With a sustained focus on ‘delivery’ becoming how we measure success in the workplace, and therefore our own value – how do we expect to keep ourselves well and thriving in the modern world of work unless we redefine what good looks like? And as long as we’re only ever delivering, how do we satisfy our human need to matter?
Conscious leadership is a movement towards getting to know who we really are and what we truly need, in order to thrive in the working environment that we now find ourselves in.
Look after the machine
You buy a car, you look after it – you don’t just stick fuel in it and keep on driving and driving until you drive it into the ground. You make sure it’s regularly serviced, the tyres are okay, and the engine oil is topped up, and you pay attention to any odd sounds coming from the engine. Why? Because you’re acutely conscious it won’t perform well if you don’t.
Yet as leaders and employees, do we pay the same attention to our own mechanics – of our body and our mind? Are we programmed to notice when our own machinery isn’t functioning properly? Are we conscious of how to keep ourselves firing on all cylinders? The evidence suggests we’re not.
- 14% of us work over 15 hours more than we should.
- UK office workers only take 16 minutes for lunch each day.
- More than a third of UK adults don’t take enough exercise.
- Sleep loss is the most prevalent impact that stress has on UK adults.
The machine is working at full pelt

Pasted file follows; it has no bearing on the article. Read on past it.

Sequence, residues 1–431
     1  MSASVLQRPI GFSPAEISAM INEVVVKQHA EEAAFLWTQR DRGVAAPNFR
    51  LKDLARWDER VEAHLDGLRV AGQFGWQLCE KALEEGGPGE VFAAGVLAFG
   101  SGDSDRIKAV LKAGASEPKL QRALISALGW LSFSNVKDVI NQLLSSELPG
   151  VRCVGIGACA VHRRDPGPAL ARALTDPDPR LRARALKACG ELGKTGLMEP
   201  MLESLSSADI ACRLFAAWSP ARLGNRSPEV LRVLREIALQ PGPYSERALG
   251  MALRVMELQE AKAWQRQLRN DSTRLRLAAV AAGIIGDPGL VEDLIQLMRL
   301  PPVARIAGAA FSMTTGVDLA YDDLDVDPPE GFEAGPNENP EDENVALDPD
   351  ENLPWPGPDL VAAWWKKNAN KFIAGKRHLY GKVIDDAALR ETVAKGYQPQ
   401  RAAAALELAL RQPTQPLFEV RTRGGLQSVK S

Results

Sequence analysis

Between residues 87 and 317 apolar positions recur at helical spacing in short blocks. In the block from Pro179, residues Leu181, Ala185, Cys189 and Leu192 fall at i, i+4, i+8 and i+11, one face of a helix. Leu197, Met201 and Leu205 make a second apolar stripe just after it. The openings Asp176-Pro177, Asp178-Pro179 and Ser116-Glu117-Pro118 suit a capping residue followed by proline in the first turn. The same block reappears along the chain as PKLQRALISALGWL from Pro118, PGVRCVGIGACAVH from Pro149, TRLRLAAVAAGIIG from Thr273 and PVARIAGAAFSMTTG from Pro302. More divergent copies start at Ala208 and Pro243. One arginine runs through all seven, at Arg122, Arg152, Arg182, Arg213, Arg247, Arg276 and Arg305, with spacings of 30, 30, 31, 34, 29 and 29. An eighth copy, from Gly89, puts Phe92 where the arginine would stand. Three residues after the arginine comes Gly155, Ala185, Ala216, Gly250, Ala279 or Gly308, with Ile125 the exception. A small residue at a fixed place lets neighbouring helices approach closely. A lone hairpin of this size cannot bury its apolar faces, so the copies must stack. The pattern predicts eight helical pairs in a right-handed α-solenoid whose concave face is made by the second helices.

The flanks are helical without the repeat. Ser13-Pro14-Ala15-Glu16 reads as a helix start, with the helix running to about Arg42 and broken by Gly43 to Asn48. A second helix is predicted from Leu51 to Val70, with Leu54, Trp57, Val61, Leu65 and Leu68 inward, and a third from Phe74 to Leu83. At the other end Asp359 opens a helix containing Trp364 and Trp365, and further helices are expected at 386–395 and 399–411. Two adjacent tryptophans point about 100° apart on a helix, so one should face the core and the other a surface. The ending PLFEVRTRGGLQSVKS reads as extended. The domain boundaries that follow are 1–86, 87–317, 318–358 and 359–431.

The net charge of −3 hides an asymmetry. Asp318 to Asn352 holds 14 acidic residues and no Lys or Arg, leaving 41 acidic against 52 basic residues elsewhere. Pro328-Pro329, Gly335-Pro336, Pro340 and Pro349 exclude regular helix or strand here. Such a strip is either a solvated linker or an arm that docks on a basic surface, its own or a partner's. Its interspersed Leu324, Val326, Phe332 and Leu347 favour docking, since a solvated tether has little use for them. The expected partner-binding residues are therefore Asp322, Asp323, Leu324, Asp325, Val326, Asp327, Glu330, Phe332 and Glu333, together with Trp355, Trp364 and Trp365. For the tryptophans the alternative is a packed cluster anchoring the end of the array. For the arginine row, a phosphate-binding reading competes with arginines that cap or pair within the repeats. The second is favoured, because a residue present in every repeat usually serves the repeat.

We’ve been working at full pelt for so long, we’re now seeing the aftermath – where people are suffering the consequences of poor working patterns – characterised by long hours, out of control workloads, ineffective leadership, and job insecurity.
This has partly been driven by an economic need for organisations to do more with less. Over the last couple of decades, businesses have become really good at delivery, output, performance, optimisation, and effectiveness. But by the very nature of that focus, something’s had to give, and that something is the wellbeing of our workforce.
Take performance management for example, a practice derived from a need to manage under-performance in an environment where there’s less money to go around. Bell curves, nine-box grids, and rankings – using delivery-based criteria.
It’s all been about driving the machine harder, but we’ve forgotten to look after it. We’ve triggered so much anxiety in our organisations that people have decided that the only way to survive is to work harder and harder, until there’s nothing else to give. Yet we can’t go on like that, we can’t keep on throwing more of ourselves at the problem.
The need for speed
Despite all of the amazing benefits that technology has brought us, it’s also fuelled the need for immediacy. Response times have shortened, the ways to reach people have increased, plus home and work boundaries have become blurred.
Get conscious – the machine is YOU!
Going back to the car analogy, ask yourself this: are you running it into the ground? Because the machine is YOU. And today’s working environment demands you learn how to become more conscious of what your machine is saying to you.
It means being able to sense what you need. It involves paying close attention to your thoughts, feelings and actions – and reviewing whether they’re working to your advantage or not. It means getting to know yourself better, learning to listen to yourself, and becoming more conscious.